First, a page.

Wed • Jan
22

Wednesday, January 22, 2020

6:00PM-7:30PM

Venue

The New York Academy of Medicine, 1216 Fifth Avenue at 103rd Street, New York, NY 10029

Cost

Free; advance registration is required.

With the rise of the Tea Party and the election of Donald Trump, many middle- and lower-income white Americans threw their support behind conservative politicians who pledged to make life great again for people like them. As Jonathan Metzl shows, the right-wing policies that resulted from this white backlash put these voters’ very health at risk—and in the end, threaten everyone’s well-being. Having interviewed a range of Americans, he uncovers how racial anxieties led to the repeal of gun control laws in Missouri, stymied the Affordable Care Act in Tennessee, and fueled massive cuts to schools and social services in Kansas. Although such measures promised to restore greatness to white America, Metzl’s systematic analysis of health data dramatically reveals they did just the opposite: these policies made life sicker, harder, and shorter in the very populations they purported to aid. Thus, white gun suicides soared, life expectancies fell, and school dropout rates rose. Based on his new book of the same title, Metzl’s talk demonstrates just how much white America would benefit by emphasizing cooperation, rather than by chasing false promises of supremacy.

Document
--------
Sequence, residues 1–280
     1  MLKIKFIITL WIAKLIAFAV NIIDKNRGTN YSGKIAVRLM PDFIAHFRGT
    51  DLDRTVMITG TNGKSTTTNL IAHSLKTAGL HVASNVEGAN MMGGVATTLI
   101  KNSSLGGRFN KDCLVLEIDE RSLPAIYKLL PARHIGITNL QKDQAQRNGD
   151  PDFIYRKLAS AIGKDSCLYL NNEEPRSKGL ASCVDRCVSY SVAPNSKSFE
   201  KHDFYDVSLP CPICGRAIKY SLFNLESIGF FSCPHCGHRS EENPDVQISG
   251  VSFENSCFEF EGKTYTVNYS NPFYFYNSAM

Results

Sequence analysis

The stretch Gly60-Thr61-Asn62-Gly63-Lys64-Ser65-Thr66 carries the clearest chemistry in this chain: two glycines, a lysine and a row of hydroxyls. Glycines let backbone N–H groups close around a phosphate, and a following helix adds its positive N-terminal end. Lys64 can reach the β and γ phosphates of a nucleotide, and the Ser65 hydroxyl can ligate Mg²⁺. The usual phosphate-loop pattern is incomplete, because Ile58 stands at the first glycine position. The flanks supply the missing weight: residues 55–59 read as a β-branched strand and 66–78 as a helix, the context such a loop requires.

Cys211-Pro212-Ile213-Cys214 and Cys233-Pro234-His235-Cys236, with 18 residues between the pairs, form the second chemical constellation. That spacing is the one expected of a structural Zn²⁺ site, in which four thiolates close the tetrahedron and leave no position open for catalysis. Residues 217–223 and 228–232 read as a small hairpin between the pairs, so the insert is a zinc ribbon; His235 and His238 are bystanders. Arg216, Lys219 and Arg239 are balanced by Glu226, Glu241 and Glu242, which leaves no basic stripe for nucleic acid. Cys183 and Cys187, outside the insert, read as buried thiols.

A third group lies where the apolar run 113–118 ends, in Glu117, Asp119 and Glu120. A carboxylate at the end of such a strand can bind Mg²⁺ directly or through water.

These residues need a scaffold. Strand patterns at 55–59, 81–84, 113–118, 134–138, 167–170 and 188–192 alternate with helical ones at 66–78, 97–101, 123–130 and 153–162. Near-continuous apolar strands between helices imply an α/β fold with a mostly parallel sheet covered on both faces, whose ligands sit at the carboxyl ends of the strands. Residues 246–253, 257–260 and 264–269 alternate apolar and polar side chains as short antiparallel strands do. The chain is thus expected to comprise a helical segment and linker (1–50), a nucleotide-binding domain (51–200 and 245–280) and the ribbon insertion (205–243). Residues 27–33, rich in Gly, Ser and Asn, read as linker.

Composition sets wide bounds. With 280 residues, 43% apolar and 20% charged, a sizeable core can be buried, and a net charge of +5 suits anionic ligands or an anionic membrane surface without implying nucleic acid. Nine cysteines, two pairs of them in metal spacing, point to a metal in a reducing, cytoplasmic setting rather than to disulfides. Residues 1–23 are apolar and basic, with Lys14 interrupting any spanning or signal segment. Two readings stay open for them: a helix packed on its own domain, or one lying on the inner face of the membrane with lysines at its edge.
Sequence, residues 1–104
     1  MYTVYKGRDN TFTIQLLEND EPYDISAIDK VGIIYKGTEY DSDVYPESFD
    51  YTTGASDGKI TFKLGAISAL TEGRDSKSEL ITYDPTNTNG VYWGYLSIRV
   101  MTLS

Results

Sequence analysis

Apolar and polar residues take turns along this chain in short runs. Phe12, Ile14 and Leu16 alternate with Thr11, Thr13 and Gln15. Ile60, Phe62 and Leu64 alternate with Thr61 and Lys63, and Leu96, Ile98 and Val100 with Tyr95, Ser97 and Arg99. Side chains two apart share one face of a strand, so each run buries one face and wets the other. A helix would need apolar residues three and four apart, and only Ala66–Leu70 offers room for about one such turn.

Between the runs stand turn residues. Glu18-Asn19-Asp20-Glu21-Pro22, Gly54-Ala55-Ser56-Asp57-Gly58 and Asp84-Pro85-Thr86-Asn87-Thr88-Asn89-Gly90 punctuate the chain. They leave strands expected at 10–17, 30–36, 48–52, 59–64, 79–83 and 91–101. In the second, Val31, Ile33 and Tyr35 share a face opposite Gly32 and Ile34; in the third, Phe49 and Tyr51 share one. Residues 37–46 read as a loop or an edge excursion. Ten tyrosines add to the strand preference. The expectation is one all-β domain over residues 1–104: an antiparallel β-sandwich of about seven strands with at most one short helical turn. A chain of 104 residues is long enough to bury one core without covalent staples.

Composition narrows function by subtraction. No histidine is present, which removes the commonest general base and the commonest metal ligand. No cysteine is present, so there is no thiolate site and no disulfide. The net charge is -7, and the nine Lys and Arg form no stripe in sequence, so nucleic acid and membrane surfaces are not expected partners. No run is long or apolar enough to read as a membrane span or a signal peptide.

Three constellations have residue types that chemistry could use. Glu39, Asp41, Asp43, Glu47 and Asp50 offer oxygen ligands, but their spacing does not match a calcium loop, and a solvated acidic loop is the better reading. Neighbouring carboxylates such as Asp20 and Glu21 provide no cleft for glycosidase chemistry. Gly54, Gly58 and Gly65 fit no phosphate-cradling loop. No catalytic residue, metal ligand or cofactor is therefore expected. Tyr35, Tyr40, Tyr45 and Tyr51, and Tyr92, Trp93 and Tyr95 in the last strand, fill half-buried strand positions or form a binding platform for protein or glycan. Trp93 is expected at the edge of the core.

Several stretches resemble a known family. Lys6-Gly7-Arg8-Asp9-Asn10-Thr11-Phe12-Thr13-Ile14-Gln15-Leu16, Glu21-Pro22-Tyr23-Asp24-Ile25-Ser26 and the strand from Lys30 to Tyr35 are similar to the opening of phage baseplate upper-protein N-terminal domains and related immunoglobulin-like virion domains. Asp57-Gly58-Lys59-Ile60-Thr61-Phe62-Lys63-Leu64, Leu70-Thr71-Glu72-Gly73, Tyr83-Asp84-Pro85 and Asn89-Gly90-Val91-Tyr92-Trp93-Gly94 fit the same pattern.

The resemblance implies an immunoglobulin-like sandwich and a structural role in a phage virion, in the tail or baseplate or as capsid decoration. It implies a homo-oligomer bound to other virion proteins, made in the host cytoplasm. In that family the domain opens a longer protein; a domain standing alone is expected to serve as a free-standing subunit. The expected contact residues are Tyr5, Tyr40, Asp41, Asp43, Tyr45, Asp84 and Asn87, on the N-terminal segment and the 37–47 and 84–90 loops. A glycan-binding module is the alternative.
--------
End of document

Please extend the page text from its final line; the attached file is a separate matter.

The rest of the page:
About the Speaker

Jonathan Metzl HeadshotJonathan Metzl is the Frederick B. Rentschler II Professor of Sociology and Psychiatry, and the Director of the Center for Medicine, Health, and Society, at Vanderbilt University in Nashville, Tennessee. He received his MD from the University of Missouri, MA in humanities/poetics, psychiatric internship/residency from Stanford University, and PhD in American Culture from University of Michigan. A 2008 Guggenheim fellow, Professor Metzl has written extensively for medical, psychiatric, and popular publications. His books include The Protest PsychosisProzac on the Couch, and Against HealthHow Health Became the New Morality.

 

Event series:
History of Medicine and Health